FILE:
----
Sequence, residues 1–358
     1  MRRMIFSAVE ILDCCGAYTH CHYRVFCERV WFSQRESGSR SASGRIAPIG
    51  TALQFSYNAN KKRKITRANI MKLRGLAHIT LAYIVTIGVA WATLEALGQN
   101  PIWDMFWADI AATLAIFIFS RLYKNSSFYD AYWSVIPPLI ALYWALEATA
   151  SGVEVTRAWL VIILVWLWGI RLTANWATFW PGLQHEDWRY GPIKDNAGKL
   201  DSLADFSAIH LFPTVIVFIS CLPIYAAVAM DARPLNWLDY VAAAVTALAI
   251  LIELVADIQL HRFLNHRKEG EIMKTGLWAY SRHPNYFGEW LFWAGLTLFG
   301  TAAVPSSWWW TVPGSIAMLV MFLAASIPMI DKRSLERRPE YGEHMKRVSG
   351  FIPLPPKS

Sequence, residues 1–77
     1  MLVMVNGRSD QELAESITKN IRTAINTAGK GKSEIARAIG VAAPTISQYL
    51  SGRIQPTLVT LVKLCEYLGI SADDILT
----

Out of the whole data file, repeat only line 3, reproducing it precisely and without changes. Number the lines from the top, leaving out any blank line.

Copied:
    51  TALQFSYNAN KKRKITRANI MKLRGLAHIT LAYIVTIGVA WATLEALGQN